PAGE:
A jury at the Central Criminal Court has heard social workers believed a couple accused of abuse and neglect of their children may have had undiagnosed intellectual disabilities.
Six people are on trial for a range of abuse offences. The children's parents are also facing charges of willful neglect of five children. All charges are denied.
The jury was told it was "a recurring theme" in social work reports that the parents may have had intellectual disabilities and found it hard to follow directions about caring for their children.
A lead social worker who dealt with the family for two years was being cross-examined by defence counsel.
In reply to questions from Mark Nicholas representing the children’s father, she agreed that it been suggested a number of times in the family’s case file that the parents may have had an intellectual disability.
The social worker said while they fully understood everything what was being discussed at meetings, it was a consideration that they may be operating at a lesser intellectual capacity than their peers.
She agreed with Mr Nicholas that the children’s mother had attended a school for those with special educational needs.
Mr Nicholas said it was an "echo" or a "recurring theme" throughout the reports that the parents may have had difficulty operating and responding to directions from social workers.
He said it was also a feature that things improved with the family while supports were in place and then disimproved if supports were reduced.
Mr Nicholas noted that one report detailed how there were some improvements in the home because there had been constant reminders given to the parents.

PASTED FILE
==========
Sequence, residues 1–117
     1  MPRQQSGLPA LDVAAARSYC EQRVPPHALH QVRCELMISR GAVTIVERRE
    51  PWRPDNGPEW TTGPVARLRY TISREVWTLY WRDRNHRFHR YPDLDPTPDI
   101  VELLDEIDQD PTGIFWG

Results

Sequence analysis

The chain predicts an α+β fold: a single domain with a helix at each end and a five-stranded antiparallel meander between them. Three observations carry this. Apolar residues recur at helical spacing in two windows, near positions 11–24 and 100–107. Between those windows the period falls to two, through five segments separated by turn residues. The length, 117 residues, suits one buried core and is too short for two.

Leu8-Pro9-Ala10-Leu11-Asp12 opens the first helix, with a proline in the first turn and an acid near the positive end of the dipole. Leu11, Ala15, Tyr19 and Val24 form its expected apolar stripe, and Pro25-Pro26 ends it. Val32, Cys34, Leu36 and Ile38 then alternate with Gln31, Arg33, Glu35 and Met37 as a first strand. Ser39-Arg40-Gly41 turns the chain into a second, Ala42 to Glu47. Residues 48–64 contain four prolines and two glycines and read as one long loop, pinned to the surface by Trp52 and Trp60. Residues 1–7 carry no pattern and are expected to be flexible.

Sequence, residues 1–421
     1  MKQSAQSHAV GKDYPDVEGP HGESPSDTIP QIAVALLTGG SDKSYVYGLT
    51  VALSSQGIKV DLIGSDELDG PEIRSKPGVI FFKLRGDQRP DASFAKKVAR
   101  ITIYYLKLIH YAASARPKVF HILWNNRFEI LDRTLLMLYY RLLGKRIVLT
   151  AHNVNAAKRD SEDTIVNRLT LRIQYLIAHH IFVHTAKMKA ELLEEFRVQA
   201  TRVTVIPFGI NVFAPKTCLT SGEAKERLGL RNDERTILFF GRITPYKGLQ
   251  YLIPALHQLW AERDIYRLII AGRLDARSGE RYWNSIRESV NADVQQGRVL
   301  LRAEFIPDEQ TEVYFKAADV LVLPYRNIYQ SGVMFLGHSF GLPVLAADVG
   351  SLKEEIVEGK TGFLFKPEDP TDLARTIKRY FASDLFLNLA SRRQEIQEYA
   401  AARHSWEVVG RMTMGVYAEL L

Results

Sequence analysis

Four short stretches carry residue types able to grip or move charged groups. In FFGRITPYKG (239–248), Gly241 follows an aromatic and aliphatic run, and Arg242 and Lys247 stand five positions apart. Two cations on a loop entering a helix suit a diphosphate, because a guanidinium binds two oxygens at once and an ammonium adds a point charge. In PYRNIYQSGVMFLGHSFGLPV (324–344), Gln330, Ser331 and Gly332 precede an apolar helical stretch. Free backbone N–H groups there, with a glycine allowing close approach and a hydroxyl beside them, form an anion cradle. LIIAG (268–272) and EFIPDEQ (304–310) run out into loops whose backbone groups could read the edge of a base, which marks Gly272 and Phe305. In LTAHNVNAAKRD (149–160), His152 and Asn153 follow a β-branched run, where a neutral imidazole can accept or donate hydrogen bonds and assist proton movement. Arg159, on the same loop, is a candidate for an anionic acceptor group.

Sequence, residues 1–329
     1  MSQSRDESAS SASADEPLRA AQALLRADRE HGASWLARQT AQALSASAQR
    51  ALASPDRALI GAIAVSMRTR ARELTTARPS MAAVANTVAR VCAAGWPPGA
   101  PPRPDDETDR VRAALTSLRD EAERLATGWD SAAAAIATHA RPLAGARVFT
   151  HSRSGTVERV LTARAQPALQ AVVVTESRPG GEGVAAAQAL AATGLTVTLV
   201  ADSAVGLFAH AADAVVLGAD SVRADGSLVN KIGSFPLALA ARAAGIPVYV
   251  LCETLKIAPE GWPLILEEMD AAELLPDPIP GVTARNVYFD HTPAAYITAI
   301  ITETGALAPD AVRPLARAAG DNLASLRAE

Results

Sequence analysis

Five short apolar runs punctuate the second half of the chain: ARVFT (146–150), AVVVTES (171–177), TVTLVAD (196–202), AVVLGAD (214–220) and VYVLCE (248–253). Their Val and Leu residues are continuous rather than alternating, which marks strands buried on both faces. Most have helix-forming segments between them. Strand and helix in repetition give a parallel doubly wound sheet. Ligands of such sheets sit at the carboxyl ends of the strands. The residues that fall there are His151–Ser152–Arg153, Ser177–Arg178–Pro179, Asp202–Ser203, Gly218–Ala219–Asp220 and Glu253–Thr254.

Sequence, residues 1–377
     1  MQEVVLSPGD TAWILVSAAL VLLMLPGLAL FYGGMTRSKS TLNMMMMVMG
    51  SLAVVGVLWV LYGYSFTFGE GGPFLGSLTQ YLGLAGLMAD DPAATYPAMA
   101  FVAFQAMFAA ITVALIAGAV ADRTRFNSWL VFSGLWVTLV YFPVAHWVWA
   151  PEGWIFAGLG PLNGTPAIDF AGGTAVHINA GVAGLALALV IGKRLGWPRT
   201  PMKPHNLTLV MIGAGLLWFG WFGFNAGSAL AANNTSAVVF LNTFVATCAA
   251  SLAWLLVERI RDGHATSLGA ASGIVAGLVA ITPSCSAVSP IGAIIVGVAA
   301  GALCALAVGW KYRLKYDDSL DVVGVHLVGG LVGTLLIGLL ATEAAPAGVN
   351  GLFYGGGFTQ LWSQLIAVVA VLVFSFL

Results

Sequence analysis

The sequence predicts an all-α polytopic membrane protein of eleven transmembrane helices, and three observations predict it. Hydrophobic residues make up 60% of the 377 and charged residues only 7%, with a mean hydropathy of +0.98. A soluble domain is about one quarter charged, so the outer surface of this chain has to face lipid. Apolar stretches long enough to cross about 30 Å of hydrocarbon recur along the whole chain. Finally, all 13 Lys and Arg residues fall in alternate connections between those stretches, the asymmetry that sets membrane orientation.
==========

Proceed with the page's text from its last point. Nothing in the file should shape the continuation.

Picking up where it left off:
The social worker said those improvements came about because extended family members were "rallying together" and helping with cleaning and cooking.
'Green shoots' of improvement
She said as the inside of the house got cleaner the outside got dirtier and then became an issue with the council as they were threatened with eviction.
While she agreed there were "green shoots" of improvement, she said there were other pieces missing, such as children's medication not being collected for months on end or appointments being missed.
She agreed that the parents had always cooperated with social workers and were always open to their visits.
However, she said often the family would not be at home when they called at times when families might be expected to be home.
During cross-examination by Senior Counsel Dean Kelly, representing the children’s mother, she agreed that she had described the level of supports given to the family as "monumental".
Asked if the case was "out on its own", she said there were many other families who could also need such supports, but she did her best to secure everything possible for this family.
She confirmed that the mother would often use words like "supervise" and "boundaries" that she would have plucked from social workers’ reports.
However, she did not agree that she was simply "parroting" the words back like a child.
She said she believed the woman understood what the words meant and would say things in front of her to the children like 'I’m going to supervise you now’ and 'you must have boundaries’ but would not be enforcing those things.
Mr Kelly said a psychologist had later found that his client, the children’s mother, had a mild learning disability.
He also said the social worker’s final report in April 2016 said despite more than 16 months of intensive work and professional involvement the couple was unable to comprehend their responsibilities in caring for their children.
They also lacked insight into the long-term effects of their alleged neglect on their children. The children were taken into care after that.
The jury also heard that on her fifth pregnancy the children’s mother did not attend any medical appointments until six weeks before the birth.
After all five of her children were taken into care in April 2016, she went on to have a sixth child.
The social worker said she visited the woman in hospital and would describe it as a "concealed pregnancy" about which social services knew nothing.